At around 9:10pm, officers fired multiple rounds of tear gas from Mong Kok police station along the intersection of Nathan Road and Prince Edward Road West.

A 19-year-old university student, who gave her name as Ms Lau, told HKFP that she was caught up in the skirmish outside Mong Kok police station while visiting the memorial.

Asked if she was concerned about an impending police clearance operation, she became emotional, saying: “We’re Hongkongers, we’re not afraid.”

Lan Kwai Fong

Over on Hong Kong Island, hundreds gathered for a masquerade march from Victoria Park to Lan Kwai Fong – the city’s entertainment district.

halloween october 31

Photo: Tom Grundy/HKFP.

Dozens of riot police were stationed across central Hong Kong in preparation for the gathering, cordoning off key thoroughfares around the bars.

halloween october 31

Photo: Galileo Cheng.

In Causeway Bay, hundreds gathered with some blaring the popular protest anthem Glory to Hong Kong from speakers.

halloween october 31

Photo: Tom Grundy/HKFP.

An hours-long standoff took place in Central with protesters jeering and heckling officers who occasionally shone lights at protesters and ordered them to leave.

halloween october 31

Photo: Galileo Cheng.

Some Halloween revellers were caught up in the scene. District Councillor Paul Zimmerman told HKFP: “Everything is closed off, there are very few protesters – everybody’s angry with the police because we can’t get to the bars, it’s a very silly situation.”

At around 8:30pm, a civilian threw a cardboard box at a line of officers on D’Aguilar Street, prompting officers to raise a blue flag warning the crowd that they were participating in an unlawful assembly and urging them to disperse.

halloween october 31

Photo: Tom Grundy/HKFP.

Shortly afterwards, police moved southwards and expanded their cordon.

halloween october 31

Photo: Tom Grundy/HKFP.

HKFP noted at least three arrests, with one woman in a witch costume detained after heckling officers on the frontline.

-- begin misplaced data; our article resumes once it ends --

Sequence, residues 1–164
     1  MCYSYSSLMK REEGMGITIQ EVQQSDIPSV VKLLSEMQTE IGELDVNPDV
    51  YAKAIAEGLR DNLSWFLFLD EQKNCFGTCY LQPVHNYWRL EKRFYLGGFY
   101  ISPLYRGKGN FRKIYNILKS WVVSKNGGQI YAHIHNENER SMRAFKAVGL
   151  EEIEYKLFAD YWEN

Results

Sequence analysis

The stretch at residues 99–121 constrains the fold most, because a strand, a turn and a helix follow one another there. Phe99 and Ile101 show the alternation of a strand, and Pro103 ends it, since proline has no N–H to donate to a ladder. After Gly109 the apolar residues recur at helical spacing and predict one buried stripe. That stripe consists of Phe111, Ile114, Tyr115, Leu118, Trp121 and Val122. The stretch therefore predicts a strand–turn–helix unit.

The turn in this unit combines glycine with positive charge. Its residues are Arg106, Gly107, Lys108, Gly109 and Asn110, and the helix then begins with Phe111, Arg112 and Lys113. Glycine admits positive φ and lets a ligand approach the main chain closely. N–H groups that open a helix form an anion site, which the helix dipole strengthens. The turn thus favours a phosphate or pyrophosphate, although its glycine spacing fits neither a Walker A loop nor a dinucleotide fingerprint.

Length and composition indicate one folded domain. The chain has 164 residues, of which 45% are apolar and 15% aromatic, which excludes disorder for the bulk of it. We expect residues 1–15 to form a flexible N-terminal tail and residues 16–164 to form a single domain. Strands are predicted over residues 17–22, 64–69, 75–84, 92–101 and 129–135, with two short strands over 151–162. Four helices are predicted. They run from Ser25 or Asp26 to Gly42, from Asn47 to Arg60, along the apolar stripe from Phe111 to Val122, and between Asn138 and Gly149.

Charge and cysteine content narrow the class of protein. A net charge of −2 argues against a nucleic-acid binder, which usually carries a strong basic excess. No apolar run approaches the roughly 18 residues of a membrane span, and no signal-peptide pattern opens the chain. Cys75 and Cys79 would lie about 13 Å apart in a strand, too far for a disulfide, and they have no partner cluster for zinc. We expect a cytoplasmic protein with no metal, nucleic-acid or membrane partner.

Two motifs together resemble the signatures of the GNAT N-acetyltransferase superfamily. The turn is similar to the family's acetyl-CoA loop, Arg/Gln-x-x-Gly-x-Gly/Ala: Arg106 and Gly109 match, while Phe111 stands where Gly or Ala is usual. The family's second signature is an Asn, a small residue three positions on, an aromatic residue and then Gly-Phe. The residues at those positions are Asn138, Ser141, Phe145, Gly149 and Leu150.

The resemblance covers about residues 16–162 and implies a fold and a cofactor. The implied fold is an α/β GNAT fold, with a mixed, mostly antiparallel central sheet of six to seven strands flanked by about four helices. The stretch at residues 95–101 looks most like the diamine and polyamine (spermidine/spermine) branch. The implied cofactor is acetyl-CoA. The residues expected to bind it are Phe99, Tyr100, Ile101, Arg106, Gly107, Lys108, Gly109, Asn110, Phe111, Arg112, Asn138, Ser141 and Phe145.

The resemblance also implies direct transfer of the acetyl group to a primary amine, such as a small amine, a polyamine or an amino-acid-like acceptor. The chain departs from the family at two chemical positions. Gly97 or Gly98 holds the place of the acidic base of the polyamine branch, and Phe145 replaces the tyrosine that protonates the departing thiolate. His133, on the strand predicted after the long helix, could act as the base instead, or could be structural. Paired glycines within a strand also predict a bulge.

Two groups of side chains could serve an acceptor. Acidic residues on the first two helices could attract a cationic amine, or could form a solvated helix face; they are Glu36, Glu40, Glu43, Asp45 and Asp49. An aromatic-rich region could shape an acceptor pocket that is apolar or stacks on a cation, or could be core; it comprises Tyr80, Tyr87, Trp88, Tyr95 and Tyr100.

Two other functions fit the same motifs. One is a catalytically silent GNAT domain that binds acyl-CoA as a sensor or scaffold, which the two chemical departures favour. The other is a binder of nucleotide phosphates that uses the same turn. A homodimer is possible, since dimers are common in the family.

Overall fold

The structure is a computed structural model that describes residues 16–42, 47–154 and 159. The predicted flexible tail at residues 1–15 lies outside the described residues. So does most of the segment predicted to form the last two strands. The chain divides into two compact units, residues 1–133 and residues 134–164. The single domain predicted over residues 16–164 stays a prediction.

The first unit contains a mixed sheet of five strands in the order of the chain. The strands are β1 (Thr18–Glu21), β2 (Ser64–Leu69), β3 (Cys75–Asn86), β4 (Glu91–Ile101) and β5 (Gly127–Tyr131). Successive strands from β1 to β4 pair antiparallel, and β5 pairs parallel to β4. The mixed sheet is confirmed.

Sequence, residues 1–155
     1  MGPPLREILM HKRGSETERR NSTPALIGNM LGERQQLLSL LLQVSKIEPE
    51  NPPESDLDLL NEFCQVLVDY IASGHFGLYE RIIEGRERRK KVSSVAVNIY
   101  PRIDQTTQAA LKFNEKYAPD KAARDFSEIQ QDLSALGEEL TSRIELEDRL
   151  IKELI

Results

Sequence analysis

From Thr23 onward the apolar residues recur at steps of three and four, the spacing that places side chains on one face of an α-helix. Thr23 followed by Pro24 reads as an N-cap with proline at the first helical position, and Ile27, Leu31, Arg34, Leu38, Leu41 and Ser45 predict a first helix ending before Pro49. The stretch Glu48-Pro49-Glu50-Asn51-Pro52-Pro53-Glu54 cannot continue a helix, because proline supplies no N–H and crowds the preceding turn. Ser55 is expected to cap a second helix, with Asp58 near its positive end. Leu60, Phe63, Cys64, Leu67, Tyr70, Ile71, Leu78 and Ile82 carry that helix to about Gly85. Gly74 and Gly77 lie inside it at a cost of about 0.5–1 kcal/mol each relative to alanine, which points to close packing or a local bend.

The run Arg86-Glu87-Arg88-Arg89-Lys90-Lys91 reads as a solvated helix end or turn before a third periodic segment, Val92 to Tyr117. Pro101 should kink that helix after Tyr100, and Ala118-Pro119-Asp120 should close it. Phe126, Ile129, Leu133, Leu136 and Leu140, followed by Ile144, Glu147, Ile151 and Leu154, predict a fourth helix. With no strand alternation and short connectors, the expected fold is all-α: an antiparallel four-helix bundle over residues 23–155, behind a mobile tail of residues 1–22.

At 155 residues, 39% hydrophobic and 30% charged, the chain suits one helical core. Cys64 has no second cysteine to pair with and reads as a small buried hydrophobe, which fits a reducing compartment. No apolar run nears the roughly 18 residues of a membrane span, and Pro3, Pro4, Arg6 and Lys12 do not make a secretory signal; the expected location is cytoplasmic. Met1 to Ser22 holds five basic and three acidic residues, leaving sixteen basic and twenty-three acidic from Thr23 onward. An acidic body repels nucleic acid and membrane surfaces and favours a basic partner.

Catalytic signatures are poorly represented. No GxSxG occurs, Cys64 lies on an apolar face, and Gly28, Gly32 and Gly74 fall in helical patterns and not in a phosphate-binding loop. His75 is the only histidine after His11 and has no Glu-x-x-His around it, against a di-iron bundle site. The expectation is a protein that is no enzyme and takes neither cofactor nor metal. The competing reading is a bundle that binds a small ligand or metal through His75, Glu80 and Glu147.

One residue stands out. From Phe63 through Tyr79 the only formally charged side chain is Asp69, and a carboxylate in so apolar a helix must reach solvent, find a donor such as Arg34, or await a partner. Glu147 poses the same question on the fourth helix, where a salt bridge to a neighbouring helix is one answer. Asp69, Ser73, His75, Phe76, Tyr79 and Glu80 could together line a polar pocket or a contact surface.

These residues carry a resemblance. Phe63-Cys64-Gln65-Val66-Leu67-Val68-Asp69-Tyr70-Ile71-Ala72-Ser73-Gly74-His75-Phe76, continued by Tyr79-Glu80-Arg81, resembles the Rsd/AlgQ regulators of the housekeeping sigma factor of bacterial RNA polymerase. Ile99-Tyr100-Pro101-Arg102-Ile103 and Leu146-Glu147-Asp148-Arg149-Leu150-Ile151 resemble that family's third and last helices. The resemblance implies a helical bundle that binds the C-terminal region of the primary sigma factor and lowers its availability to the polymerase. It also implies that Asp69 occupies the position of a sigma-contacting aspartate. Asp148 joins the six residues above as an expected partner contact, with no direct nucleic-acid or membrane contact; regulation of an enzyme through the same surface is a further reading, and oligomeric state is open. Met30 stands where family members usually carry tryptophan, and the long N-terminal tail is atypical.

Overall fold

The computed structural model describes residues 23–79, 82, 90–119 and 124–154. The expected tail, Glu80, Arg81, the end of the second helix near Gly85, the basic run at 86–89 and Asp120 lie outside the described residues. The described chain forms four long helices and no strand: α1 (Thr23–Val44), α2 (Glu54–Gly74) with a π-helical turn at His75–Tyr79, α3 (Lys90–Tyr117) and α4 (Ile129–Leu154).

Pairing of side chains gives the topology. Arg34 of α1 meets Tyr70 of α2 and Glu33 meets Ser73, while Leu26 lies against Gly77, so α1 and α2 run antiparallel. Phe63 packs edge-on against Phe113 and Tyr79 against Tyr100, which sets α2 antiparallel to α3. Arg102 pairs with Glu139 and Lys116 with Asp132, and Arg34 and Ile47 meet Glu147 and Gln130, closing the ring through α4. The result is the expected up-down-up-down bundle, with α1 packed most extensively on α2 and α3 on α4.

An officer lunched towards her whilst other officers pepper-sprayed members of the press around her.

halloween october 31

Photo: Galileo Cheng.

A driver stranded within the police operation was pulled over for honking his horn in time with a protest chant. Several people were also made to remove their masks and reveal their identity to police officers.

Tear gas was fired at the bottom of Pedder Street at 10pm, prompting protesters to flee westwards.

halloween october 31

Photo: Galileo Cheng.

Passersby and some people in restaurants were affected.

halloween october 31

Photo: Galileo Cheng.

Several police officers – who had not donned their gas masks in time – also fled southwards back towards Lan Kwai Fong.

halloween october 31

Photo: Galileo Cheng.

The government released a statement shortly before midnight condemning the unauthorised assemblies as a threat to public safety, saying: “The spokesman expresses deep regret that despite repeated clarifications by the government that there were no cases involving death in Prince Edward MTR station on August 31, some people still deliberately chose to be misled by online rumours and responded to calls for unauthorised assemblies.”

halloween october 31

Photo: Galileo Cheng.

Additionally, the statement criticised the protesters’ roadblocks as disruptive and their petrol bombs as dangerous: “These illegal acts that have disrupted social order and jeopardised people’s safety are completely unacceptable. The police will strictly enforce the law and will not condone illegal acts,” the spokesperson said.


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Hong Kong haunted by tear gas and pepper spray as protesters flout mask law on Halloween